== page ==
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The Federal Bureau of Investigation (FBI) is severely underreporting animal cruelty cases.
“Since 1930, the FBI has been under congressional mandate to calculate the types, incidence, and prevalence of serious crime in the US and to disseminate this knowledge to the polity, the media, and the public.” These crimes include homicide, aggravated assault, sexual assault, robbery, burglary, larceny, motor vehicle theft, and arson. In 2016, nearly a century later, the FBI began tracking animal cruelty cases.
A new study in the International Journal for Crime, Justice and Social Democracy, however, finds that there are severe shortcomings in how the FBI collects animal cruelty data, what kind of data it collects, and how it classifies that data. These deficits cause it to drastically underreport how much cruelty is occurring and, more importantly, to miss valuable information that would help create prevention programs.
For example, while the FBI classifies homicide and other interhuman crimes as “crimes against persons,” it does not classify cruelty as “crimes against animals.” Instead, it classifies them as “crimes against society,” akin to property crimes like theft. As such, it does not place them in the main category of crimes but in a catchall category called “All Other Offenses.” This limits the amount of data it gets from state law enforcement officials. While most states reported “crimes against persons” and other primary crime data, 32 states did not provide any reporting in the “All Other Offenses” category. As such, the majority of cruelty cases go unreported to the FBI.
In addition, the FBI limits who can report data, presenting a unique problem for crimes against animals. While police officers uniformly investigate “crimes against persons,” they do not always investigate cruelty cases. Instead, “the most frequent responders to complaints of animal cruelty and neglect are animal control officers (ACOs).” And yet, ACOs are not permitted to report this data to the FBI for inclusion in the database.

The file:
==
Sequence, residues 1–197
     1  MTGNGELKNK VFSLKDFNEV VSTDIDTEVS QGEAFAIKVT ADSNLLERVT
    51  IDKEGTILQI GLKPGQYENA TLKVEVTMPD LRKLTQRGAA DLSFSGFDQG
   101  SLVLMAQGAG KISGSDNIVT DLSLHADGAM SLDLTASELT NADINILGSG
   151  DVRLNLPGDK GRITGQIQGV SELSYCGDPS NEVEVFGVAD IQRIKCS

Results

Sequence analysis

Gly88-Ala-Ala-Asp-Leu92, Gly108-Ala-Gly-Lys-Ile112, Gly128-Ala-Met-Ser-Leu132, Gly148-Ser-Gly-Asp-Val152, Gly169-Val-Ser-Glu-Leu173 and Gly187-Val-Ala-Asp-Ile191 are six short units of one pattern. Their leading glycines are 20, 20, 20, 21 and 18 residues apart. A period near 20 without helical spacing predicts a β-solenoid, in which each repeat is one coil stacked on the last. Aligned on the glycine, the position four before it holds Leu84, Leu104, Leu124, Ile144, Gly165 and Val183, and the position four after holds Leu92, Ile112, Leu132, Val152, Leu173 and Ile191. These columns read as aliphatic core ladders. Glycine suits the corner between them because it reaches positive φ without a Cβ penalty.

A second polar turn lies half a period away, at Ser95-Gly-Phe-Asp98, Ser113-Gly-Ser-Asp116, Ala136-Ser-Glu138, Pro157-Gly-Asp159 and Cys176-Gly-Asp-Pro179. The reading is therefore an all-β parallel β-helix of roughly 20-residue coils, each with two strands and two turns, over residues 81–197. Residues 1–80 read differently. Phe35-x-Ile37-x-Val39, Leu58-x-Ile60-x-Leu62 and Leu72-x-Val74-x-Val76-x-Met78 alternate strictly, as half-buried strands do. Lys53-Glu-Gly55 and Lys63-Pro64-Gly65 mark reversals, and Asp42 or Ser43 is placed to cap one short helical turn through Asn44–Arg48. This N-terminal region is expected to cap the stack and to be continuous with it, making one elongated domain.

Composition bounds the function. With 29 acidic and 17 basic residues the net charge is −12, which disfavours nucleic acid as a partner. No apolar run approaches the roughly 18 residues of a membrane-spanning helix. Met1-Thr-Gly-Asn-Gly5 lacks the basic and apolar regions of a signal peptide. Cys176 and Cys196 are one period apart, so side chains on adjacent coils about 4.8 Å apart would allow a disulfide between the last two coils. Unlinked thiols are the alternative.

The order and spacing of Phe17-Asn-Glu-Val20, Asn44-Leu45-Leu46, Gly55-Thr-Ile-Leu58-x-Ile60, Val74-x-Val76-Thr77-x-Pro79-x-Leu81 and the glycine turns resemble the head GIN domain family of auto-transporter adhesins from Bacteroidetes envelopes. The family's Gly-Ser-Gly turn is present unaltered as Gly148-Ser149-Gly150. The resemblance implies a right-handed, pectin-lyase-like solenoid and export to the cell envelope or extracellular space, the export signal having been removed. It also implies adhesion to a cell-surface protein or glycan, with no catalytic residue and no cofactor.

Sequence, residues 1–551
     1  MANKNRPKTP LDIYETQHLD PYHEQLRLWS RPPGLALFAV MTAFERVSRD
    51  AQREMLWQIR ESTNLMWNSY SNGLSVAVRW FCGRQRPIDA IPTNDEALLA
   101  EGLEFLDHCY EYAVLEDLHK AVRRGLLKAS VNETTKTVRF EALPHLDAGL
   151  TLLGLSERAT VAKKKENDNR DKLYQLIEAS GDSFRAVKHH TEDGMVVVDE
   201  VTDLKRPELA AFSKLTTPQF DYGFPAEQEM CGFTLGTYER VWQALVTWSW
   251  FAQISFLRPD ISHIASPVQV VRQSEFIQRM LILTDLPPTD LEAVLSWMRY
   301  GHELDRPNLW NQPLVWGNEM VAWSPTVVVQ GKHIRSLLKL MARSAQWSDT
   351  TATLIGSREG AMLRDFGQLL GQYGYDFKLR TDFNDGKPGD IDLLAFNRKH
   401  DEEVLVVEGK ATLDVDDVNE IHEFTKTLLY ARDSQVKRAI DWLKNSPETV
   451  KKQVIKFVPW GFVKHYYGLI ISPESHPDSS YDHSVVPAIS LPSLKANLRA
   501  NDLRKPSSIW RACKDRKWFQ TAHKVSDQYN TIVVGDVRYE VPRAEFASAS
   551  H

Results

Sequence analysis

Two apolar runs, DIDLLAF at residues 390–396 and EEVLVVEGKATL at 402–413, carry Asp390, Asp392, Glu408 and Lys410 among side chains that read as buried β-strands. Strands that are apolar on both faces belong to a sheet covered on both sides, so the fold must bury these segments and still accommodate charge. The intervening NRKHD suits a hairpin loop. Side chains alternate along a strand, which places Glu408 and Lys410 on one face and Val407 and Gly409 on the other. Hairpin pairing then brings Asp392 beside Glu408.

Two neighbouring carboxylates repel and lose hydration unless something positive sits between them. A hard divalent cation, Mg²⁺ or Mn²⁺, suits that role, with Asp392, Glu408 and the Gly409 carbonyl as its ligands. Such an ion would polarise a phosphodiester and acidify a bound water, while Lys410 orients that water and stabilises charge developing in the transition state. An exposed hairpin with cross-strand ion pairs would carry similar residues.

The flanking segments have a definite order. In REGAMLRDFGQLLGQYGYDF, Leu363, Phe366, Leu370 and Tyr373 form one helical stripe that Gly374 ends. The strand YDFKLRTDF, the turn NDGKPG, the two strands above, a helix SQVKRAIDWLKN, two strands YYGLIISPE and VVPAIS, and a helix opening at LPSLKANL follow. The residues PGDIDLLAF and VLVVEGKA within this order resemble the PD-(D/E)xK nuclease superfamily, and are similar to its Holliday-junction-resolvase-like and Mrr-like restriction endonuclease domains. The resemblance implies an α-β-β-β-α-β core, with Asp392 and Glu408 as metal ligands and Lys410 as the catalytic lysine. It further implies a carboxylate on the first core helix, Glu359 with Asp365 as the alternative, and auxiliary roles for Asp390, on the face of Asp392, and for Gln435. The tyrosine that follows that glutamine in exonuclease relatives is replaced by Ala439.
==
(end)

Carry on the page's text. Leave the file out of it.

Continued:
Other law enforcement officials with various departments also investigate cruelty, including agents with “Agriculture, Conservation, Drug Enforcement, Fire Marshal, Fisheries/Wildlife, Forestry, Natural Resources, Marine Resources, and Health/Social Services.” They, too, are not empowered to report. “In short, animal cruelty is likely among the least reported of all crimes.”1 How much lower? On the top end of the spectrum, study authors estimate that the actual number of cruelty cases could be as much as 500 times higher than reported.
Another limitation of the animal cruelty data is that it provides little information on the offenders or the victims to allow for the creation of effective intervention strategies, such as protecting the pets of domestic violence victims or addressing poverty-driven neglect. While the FBI “identifies numerous aspects of human victim–offender relationships: their age, gender, and race; whether they were related to or otherwise knew each other; the presence of a weapon; and the time and location of the offense.” Other than classifying them into neglect, abuse, dog/cockfighting, and sexual offenses, it “provides no information on animal victims themselves—nothing on the relationship between human offenders and animal victims; on victim species; or on the duration, degree, or type of harm.”
The FBI admits there is a problem with its data and reporting. It just doesn’t want to do anything about it. An FBI-commissioned study found that “even a cursory glance … suggest[s] … that there are numerous gaps in current coverage and knowledge of crimes” against animals. To remedy this, study authors recommended that the FBI elevate cruelty reporting out of the “All Other Offenses” category and add it to the main group of crimes, so more states will report. They recommended categorizing cruelty into several categories, including crimes against animals, the natural environment of animals, and “protected or prohibited species of fauna and flora.” The FBI rejected the proposals. The Agency also rejected any effort to allow ACOs and other cruelty investigators to report crimes for inclusion in the database. As such, cruelty cases will continue to go vastly unreported, and valuable information that can help prevent the crimes will not be collected.
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